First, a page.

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USCIS Issues Open Letter on the Rescission of the 2019 Public Charge Rule
USCIS Issues Open Letter on the Rescission of the 2019 Public Charge Rule

USCIS sent a letter to interagency partners stating that the 2019 Public Charge final rule is no longer in effect, and that DHS intends to partner with federal agencies, state and local governments, and nongovernmental stakeholders to ensure applicants and the public are aware of this change.

On February 2, 2021, the President issued Executive Order 14012, directing, among other things, the Secretary of Homeland Security, along with the Secretary of State and the Attorney General, to review their respective agencies' actions related to the public charge grounds of inadmissibility and depo1tability. As part of its review, OHS determined that continuing to defend the 2019 Public Charge Rule 1 (2019 Rule)- pursuant to which the lawful receipt of Medicaid, public housing, or Supplemental Nutrition Assistance Program (SNAP) could lead to a finding of inadmissibility was neither in the public interest nor an efficient use of limited government resources.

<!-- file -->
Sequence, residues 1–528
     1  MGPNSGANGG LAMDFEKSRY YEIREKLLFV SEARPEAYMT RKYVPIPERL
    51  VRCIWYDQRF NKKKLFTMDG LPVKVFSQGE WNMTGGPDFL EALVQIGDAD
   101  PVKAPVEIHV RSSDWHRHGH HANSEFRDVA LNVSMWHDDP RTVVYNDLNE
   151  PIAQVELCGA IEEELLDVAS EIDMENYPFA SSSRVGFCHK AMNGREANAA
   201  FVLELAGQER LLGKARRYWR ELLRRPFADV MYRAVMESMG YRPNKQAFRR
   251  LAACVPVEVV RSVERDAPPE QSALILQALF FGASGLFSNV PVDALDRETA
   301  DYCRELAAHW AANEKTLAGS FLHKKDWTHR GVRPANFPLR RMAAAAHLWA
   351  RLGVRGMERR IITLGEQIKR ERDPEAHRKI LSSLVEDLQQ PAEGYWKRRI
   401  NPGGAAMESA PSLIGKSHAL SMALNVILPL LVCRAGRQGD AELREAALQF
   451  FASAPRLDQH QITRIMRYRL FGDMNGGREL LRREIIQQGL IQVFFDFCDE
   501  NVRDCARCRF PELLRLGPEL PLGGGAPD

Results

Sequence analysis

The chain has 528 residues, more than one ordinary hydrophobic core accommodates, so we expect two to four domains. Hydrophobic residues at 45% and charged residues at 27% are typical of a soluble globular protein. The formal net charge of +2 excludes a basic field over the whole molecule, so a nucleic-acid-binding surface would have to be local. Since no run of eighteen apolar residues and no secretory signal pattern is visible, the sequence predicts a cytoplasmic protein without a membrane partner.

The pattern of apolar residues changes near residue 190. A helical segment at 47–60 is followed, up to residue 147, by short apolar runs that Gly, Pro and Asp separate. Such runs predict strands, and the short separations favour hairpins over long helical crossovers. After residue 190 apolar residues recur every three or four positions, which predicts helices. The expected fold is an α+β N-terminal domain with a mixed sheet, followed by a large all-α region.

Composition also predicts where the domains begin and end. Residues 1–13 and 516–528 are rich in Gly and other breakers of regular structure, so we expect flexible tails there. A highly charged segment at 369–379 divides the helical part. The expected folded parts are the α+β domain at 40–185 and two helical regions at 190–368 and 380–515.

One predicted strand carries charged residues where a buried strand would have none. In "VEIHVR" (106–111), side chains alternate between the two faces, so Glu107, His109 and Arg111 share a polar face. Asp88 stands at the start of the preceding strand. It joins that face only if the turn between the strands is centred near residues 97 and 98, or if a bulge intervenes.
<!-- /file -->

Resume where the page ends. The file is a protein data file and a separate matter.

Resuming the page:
DHS is no longer applying the 2019 public charge rule and has removed it from the Code of Federal Regulations. DHS has instead reverted to the 1999 interim field guidance issued by the former Immigration and Naturalization Service.  This is the policy that was in effect prior to the 2019 Rule. Under the 1999 interim field guidance, DHS will not consider a person's receipt of Medicaid (except for Medicaid for long-term institutionalization), public housing, or SNAP benefits as part of the public charge inadmissibility determination. In addition, medical treatment or preventive services for COVID-19, including vaccinations, will not be considered for public charge purposes. This policy will help ensure that noncitizens are able to access important government services for which they may be eligible.

Source: U.S. Citizenship and Immigration Services

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